Ethics and Information Technology focuses on the ethical dilemmas that exist where human beings, information objects, and social computing technologies interact. The course explores emerging ethical models from historical and cross-cultural perspectives and then applies these models to a variety of new and emerging technologies that are inherently social in their construction and use. Initial examples of issues that the course covers in discrete modules include: the integrity of digital content in a networked world; identity and avatars; and interpersonal engagement through online games and virtual environments. Students explore the technological underpinnings of associated technology systems, experiment with individual and group interaction with technologies, and examine the mechanics of ethical and unethical behaviors.
A single lecture given at Kwame Nkrumah University of Science and Technology about bacterial vaginosis, HACEK infections, and legionella.
These 1 - 2 page handouts were developed by the University of Michigan Open Michigan initiative for faculty, researchers, and students interested in creating and finding open educational resources. This set includes:Open Educational Resources: Getting Started handoutHow to Create Open Content handoutFinding Open Content handoutThe handouts are available in PDF and Adobe InDesign formats.For up-to-date information, visit the Open Michigan Share page.
The Histology Laboratory Drawings resource contains 104 hand drawn sketches by Dr. Christensen for the laboratory sessions he conducted in the Medical Histology Course for first year medical students. The drawings were done with felt markers on a white board in the lab during the morning of the day a particular topic was being studied in the course. When the laboratory session began, the drawings were briefly discussed, and they could be seen by the students throughout the laboratory period.You can view the drawings individually on flickr, or you can download the full collection of drawings by navigating to the materials tab.
This course addresses essential learning outcomes in normal growth, development and nutrition across the lifespan, inclusive of aging. Its focus is on normal function rather than disease.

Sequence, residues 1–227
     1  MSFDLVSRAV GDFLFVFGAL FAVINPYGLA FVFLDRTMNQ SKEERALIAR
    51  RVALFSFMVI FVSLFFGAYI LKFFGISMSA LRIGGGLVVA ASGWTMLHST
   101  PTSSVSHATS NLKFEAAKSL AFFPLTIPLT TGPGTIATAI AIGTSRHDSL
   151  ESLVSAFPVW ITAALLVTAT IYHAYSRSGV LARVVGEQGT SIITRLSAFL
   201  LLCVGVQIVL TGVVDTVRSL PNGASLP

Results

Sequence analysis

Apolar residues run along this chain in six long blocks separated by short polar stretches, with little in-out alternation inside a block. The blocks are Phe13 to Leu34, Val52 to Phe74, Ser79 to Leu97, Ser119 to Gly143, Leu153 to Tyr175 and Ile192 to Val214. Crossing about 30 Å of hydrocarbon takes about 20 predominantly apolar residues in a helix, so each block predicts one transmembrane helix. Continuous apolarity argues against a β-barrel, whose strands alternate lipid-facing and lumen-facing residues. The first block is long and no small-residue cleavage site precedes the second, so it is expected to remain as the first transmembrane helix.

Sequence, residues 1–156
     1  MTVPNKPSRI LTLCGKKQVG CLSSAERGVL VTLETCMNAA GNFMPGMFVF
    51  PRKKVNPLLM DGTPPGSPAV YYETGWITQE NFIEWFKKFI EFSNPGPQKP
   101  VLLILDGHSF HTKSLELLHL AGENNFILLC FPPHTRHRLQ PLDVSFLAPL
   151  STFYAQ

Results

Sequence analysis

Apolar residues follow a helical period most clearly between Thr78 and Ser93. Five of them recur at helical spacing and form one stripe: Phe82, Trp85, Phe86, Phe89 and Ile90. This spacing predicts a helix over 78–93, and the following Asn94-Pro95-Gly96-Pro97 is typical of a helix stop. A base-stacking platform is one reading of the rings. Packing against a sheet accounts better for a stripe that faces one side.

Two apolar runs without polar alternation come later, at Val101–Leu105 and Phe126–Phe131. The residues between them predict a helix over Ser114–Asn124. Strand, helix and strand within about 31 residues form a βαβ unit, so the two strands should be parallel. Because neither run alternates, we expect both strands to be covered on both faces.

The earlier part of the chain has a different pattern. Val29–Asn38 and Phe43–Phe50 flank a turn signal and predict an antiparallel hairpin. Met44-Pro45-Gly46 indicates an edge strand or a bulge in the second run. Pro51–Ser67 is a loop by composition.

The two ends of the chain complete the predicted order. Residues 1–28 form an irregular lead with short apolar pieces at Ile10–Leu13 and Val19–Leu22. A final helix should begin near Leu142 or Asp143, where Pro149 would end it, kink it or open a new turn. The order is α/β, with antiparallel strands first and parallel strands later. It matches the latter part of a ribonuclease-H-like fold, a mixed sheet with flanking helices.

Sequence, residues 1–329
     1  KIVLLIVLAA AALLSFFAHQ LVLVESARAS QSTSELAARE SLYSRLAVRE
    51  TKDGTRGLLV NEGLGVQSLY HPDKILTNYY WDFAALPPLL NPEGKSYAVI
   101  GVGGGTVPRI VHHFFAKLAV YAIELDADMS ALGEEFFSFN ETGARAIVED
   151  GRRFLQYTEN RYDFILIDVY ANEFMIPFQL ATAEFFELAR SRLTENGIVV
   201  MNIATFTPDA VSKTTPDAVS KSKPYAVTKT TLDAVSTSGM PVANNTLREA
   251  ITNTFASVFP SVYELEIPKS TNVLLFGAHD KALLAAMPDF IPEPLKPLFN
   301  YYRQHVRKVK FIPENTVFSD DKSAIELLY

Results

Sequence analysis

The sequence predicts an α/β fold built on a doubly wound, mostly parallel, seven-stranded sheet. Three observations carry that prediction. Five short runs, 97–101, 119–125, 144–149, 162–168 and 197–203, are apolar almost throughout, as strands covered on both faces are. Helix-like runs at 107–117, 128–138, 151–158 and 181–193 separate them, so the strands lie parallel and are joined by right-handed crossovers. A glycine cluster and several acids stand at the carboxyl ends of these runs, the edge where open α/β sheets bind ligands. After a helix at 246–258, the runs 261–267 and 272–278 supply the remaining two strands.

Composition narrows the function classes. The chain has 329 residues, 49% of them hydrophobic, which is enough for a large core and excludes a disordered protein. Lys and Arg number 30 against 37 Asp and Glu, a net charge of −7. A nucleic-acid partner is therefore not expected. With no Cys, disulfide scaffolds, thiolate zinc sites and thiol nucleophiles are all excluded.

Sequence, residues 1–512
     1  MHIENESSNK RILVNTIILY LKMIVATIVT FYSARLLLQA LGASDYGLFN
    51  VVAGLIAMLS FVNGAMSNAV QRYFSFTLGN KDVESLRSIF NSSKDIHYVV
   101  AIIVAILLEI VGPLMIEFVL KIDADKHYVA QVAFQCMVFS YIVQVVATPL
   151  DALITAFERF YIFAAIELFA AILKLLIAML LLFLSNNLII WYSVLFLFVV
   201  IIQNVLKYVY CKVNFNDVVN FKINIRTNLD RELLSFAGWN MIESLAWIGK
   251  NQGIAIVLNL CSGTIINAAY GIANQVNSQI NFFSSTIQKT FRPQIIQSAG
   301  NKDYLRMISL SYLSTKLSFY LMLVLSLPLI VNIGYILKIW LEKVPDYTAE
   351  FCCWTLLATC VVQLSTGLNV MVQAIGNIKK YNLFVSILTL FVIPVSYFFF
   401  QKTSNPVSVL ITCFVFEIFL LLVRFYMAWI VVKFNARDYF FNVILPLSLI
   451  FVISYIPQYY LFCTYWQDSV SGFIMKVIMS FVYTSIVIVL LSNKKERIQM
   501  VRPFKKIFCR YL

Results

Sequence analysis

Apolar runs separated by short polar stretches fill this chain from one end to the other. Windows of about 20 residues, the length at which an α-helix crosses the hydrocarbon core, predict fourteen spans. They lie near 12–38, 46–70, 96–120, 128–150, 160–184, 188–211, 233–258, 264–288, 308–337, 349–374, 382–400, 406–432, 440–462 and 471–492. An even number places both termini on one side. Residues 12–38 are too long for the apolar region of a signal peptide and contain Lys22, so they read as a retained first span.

Includes lectures, handouts, schedules, and student notes.
This sequence explores the elements of innate and acquired immune defense mecahnisms, the cells involved, their development and maturation, and biomolecular cellular communication mechanisms required to successfully fight off infection.
This sequence introduces students to medical microbiology, infectious diseases, and antimicrobial therapy, and focuses on pathogenesis and clinical manifestations of various infectious diseases.
In this text, you will see information literacy examined from the perspective of students in the School of Education and the School of Information at the University of Michigan. The diversity of these perspectives contribute to new understandings and realizations as their divergent backgrounds, experiences, aspirations, and influences, both in libraries and 'in the wild', are examined in common. Their findings lend a fresh perspective to the existing body of literature on information literacy.
This course will provide an intensive introduction to the field of information technology and global development, in its historical, policy, and design dimensions. Part One offers a comprehensive overview of key historical and contemporary debates, problems, and issues in international development. Part Two explores crucial information policy issues in developing country contexts, ranging from technology transfer, research and innovation systems, and intellectual property to telecommunications, wireless, and other critical infrastructure development. Part Three explores the growing ICT4D project literature, with special reference to programs and applications in the health, education, finance, governance, agriculture, and rural development sectors. Through readings, discussions, and course assignments, students will gain critical research and professional skills in the analysis and design of information policies, programs, and projects in a range of developing country settings. Through geographically focused project and discussion groups, students will also develop specific regional or country-level knowledge and experience.